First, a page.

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Anthocyanins - Anthocyanin Color Source Anthocyanins are one of the most abundant natural pigments available.

Anthocyanins are the vacuolar pigments found in almost every part of higher plants. The word "anthocyanin" is derived from two Greek words, anthos (flower) and kyanos (blue). There are six types of anthocyanins all exhibiting different stability profile based on their structure, supporting compounds, process and chemicals used for extraction and food processing. Anthocyanin pigments change their color with the change in the pH. So based on the pH, anthocyanins can be red, blue or purple. Because of this property of changing anthocyanin color, this pigment is also used as a pH indicator. Anthocyanin pigments change from blue in bases and red from acids. Anthocyanin pigments are odorless and flavourless. You can find anthocyanin pigments in every part of the higher plants like stems, roots,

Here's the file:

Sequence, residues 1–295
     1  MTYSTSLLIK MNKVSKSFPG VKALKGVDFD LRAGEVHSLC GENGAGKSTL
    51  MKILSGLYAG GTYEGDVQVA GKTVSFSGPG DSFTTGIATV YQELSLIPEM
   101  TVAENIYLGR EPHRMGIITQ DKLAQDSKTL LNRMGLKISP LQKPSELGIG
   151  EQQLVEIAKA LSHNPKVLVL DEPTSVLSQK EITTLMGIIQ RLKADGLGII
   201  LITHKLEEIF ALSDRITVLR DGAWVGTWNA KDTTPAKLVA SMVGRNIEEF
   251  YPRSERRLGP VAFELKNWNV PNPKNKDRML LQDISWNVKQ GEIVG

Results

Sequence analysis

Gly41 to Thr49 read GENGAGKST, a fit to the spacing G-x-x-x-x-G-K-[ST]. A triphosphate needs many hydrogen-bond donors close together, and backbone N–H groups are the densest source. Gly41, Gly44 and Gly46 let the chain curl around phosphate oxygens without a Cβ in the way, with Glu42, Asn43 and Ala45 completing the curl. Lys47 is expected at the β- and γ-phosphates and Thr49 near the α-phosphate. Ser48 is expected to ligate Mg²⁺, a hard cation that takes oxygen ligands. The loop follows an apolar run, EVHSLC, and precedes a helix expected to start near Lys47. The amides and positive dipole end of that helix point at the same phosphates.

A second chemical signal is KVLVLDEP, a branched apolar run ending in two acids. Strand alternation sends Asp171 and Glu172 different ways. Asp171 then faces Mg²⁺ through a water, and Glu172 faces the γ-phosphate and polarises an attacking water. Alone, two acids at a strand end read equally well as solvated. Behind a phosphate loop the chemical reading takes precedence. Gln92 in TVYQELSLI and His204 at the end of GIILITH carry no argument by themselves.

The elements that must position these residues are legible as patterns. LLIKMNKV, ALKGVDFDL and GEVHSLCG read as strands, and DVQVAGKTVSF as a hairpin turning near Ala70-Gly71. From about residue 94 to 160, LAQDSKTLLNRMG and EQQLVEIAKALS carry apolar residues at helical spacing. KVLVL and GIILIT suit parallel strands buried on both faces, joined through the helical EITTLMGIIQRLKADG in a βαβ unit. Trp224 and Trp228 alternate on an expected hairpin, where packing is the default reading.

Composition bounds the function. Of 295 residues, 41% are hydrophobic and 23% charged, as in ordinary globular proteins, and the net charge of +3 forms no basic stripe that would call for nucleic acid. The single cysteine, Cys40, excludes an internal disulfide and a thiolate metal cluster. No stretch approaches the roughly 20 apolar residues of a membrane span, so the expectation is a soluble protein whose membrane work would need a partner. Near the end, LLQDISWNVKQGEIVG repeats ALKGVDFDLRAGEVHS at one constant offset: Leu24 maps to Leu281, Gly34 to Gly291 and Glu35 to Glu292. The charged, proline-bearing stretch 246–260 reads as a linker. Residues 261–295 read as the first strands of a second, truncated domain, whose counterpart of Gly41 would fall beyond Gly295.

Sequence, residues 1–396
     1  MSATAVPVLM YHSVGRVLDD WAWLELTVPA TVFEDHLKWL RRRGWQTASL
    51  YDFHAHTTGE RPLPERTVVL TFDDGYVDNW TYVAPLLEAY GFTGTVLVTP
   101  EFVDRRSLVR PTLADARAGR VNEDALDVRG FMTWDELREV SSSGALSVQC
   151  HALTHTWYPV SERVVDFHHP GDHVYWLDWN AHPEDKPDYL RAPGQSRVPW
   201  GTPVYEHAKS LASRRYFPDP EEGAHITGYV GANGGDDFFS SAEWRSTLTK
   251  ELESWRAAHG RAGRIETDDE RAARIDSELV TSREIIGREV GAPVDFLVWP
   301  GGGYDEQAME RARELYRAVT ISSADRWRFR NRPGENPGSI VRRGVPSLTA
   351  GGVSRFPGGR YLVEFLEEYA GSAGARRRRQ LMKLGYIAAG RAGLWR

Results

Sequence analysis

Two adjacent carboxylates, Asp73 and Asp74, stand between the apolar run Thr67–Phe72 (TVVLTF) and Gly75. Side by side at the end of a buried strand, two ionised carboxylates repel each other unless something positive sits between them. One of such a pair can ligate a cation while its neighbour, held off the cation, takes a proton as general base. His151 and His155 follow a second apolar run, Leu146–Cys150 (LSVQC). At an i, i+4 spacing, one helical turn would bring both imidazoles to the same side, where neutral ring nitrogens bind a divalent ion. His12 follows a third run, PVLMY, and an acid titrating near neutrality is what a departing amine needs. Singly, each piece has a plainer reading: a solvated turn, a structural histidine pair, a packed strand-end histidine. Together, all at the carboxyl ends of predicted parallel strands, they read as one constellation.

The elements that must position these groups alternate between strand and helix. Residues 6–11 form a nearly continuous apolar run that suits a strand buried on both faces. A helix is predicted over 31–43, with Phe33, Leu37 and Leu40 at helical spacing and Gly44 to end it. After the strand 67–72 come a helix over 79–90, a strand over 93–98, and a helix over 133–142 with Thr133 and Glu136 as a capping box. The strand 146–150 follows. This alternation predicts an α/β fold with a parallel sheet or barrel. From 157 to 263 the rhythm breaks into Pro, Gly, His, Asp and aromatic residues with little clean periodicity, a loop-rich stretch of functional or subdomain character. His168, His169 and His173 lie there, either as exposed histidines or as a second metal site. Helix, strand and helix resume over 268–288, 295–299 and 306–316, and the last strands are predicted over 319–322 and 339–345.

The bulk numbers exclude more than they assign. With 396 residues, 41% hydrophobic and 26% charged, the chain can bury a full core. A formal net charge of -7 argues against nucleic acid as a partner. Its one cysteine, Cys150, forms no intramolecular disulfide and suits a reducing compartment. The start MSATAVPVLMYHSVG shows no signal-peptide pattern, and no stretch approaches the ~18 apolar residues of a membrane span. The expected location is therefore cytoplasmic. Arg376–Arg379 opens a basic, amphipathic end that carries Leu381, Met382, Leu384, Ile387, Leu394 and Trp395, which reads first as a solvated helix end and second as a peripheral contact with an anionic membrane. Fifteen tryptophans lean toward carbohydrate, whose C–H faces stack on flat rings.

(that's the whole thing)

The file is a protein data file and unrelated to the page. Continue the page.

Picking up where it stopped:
leaves, fruits and flowers. Till 2006 more than 550 anthocyanins had been discovered. Anthocyanin pigments are responsible for the red, purple, and blue colors of many fruits, vegetables, cereal grains, and flowers. These pigments undergo reversible structural transformations with a change in pH manifested by strikingly different absorbance spectra. Anthocyanins being natural colorant appear in the exempt from certification in the FDA list but permits restricted use. They are not used in drugs and cosmetics. They are used in beverages, fruit fillings, snacks, dairy products and confectionery. Anthocyanin Pigment Properties Red, Purple and Blue Red Cabbage, Source Strawberries, Grape Skin, Blueberries, Raspberries Cyanidin, Color Pigments Delphinidin, Malvidin, Peonidin, Color